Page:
In his column in the Catholic Peace Weekly, a priest psychologist recalls the parents who brought their son, in his early 30s, to see him. The father said that his son attempted suicide a number of times since his first attempt in his mid-twenties and still seeks the opportunity to end his life. Both parents have to keep their eyes on him continually. There is no time to relax because of the tension and anxiety they have about the son.
The father turned to his son telling him to ask the priest whatever he wanted. However, his son was silent and often look out into space and sighed. The mother sat next to the priest with a sad expression and seemed unable to say anything. The three of them came for counseling, no one said a word.
Nevertheless, the priest did not feel the need to be the first to step in and change the mood. He knew that at times silence has more meaning than conversation, the silence is saying more than any words.
Parents were burning up insides with the long silence but the young man and the priest were getting to know each other. The young man seemed to realize that the priest was not someone who was ready to teach or admonish. And the priest made the discovery that the young man really did not want to die.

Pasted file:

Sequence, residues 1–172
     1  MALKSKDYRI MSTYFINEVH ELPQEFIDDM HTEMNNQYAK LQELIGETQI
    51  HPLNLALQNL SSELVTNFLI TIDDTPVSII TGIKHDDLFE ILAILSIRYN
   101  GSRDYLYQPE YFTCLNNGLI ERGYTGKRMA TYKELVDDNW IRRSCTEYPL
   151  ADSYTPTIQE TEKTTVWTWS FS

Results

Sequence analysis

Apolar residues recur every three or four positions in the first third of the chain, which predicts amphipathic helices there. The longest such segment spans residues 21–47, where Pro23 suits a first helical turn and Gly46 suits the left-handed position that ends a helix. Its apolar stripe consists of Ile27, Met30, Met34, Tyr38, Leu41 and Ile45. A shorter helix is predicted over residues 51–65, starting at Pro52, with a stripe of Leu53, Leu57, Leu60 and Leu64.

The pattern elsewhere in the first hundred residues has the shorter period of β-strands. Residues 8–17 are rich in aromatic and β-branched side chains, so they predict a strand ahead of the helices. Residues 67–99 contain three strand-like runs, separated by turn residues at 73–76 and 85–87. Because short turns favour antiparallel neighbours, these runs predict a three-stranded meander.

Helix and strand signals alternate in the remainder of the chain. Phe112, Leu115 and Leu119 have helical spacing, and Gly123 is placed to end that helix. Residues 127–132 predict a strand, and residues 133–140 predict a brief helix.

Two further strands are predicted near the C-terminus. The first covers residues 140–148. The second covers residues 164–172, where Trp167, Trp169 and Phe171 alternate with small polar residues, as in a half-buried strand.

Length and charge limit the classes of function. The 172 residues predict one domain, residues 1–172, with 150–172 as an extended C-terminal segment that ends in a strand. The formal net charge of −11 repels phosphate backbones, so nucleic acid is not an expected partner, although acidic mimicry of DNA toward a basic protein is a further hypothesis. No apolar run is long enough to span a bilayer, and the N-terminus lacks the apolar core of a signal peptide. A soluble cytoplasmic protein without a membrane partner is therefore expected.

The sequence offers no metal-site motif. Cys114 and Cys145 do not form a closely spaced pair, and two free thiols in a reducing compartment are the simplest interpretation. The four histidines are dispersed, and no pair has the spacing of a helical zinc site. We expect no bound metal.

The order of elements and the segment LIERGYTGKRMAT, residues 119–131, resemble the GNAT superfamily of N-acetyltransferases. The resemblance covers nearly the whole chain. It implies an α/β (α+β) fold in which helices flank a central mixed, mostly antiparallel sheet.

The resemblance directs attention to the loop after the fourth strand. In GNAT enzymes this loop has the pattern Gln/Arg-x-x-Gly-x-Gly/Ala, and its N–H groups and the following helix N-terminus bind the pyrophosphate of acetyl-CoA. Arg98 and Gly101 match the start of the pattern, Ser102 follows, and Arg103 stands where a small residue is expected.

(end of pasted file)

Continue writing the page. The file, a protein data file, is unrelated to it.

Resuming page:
It took thirty minutes after the counseling began for the young man's perusal of the priest to be completed. He began speaking with the following words."Father, please tell me why I should not die. If I hear it and fully understand, I will not die. But if the reason is no different from what I've heard so far, I will commit suicide."
This young man's question reminded the priest that suicide is not giving up on life, but choosing death. This young man's life was pain and emptiness. Hence, living seemed to mean nothing. He found no comfort and hope in life. It would be much harder to explain to this young man why he shouldn't die than to explain why he should live.
The priest could not offer any word of advice for he knew they would mean little to the young man. Such banality was not what he was looking to find. The young man's request to tell him why he should not die was, in fact, asking the priest to understand his pain. The priest firmly believed that the young man wanted someone to sympathize with him.
Since the first meeting, he has met the young man more than 20 times. Now he is preparing for a test to find a new job, and when he is filled with feelings of hurt or scared he does come to see the priest. This did not mean that his life pains were reduced. The idea that there was one man who could share the pain seemed to lead him to take a step back from despair.
In fact, the priest would say that "Want to die" is another expression for "Want to live."
Suicide is a serious issue in Korea and has been for many years. A sign that something is not right; pressure and gloom which usually is the lot of the poor is a concern of the country which continues to look for answers.